If you’re a male who uses a portable computer literally as a laptop computer, researchers indicate you may want to think about getting a desk instead. A new study by the State University of New York at Stony Brook finds that the high internal operating temperatures in laptop computers can equal excessive heat transferred to the scrotum and ultimately affect the quality and quantity of the computer user’s sperm.
“The increase in scrotal temperature is significant enough to cause changes in sperm parameters,” Dr. Yefim Sheynkin, an associate professor of urology at SUNY–Stony Brook told Reuters. “It is very difficult to predict how long the computer can be used safely. It may not be at all, if the testicular temperature goes up high within a very short period of time.”
Particularly at risk, says Sheynkin, are younger men, especially if they use a laptop computer several times a day over the course of time. “Long-term use may have a detrimental effect on their reproductive health,” he said.
To arrive at these conclusions, Sheynkin recruited 29 healthy volunteers between the ages of 21 and 35 to determine what kind of effect using a laptop computer had on scrotal temperature. The volunteers’ scrotal temperatures rose over two degrees centigrade when the laptop computers were merely placed on the volunteers’ laps. Once the laptop computers were turned on, the scrotal temperatures increased by 2.6 degrees C on the left side and 2.8 degrees C on the right side.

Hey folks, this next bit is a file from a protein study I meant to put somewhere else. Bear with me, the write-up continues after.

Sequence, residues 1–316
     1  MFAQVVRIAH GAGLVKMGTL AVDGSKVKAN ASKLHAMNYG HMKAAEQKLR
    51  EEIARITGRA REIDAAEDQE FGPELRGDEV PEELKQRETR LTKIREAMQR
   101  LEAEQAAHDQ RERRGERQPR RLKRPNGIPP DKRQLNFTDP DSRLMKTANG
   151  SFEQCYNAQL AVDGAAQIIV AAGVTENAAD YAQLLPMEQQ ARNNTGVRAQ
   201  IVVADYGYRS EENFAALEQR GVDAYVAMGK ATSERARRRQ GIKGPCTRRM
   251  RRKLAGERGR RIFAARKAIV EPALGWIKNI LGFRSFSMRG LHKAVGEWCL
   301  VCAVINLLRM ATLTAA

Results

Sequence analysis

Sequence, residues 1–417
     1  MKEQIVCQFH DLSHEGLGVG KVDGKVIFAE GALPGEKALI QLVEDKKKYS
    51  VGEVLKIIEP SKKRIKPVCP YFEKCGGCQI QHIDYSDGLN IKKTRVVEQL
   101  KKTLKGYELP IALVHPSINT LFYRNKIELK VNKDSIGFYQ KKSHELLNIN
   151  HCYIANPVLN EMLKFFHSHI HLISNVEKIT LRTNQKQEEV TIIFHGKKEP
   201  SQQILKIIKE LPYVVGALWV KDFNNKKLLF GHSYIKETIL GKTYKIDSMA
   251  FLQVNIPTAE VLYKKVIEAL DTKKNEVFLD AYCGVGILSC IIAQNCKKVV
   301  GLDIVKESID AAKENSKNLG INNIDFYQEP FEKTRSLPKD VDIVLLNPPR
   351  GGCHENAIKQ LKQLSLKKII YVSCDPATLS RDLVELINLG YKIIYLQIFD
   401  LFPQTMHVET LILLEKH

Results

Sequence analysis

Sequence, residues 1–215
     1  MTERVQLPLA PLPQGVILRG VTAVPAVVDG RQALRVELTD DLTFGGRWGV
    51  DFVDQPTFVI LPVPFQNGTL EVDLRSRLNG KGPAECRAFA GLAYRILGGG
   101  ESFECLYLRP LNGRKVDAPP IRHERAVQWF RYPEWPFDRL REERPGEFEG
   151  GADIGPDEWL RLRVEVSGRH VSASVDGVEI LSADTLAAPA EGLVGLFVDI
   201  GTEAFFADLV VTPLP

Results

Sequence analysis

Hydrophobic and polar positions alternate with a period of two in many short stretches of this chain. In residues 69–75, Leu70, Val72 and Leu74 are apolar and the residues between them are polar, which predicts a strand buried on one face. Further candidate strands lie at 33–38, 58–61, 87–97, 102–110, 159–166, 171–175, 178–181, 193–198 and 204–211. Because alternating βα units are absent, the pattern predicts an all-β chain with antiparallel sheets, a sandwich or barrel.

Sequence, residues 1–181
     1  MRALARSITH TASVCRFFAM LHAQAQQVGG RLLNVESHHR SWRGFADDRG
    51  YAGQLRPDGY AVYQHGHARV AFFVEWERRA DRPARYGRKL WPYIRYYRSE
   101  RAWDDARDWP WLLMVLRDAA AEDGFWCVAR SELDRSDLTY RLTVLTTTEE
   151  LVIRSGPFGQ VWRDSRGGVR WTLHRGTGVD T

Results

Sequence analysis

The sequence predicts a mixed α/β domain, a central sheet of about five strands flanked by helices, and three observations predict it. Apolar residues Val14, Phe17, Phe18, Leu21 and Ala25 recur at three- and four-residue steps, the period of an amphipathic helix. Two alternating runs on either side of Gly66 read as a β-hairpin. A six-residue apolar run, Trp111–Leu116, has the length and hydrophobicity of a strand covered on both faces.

These results indicate that it’s not just a matter of a warm computer, but also the posture chosen while using a laptop computer that causes the temperature to rise, said Sheynkin. This also helps offer a scientific explanation for the laptop incident Ergonomics TodayTM reported in November 2002 (Got a Hunk of Burning Love? Could Be Coming From Your Laptop. Ergonomics TodayTM, November 27, 2002)when a scientist in London reported burns on his penis after using his computer situated on his lap for a few hours one evening.
In addition to excessive heat, laptop computers are also infamous for their poor ergonomics and the injury risk potentials associated with small keyboards, awkward positioning of the user in relationship to the attached screen and keyboard, and the laptop’s heavy carry-on load.
Sources: CNN.com; Ergonomics TodayTM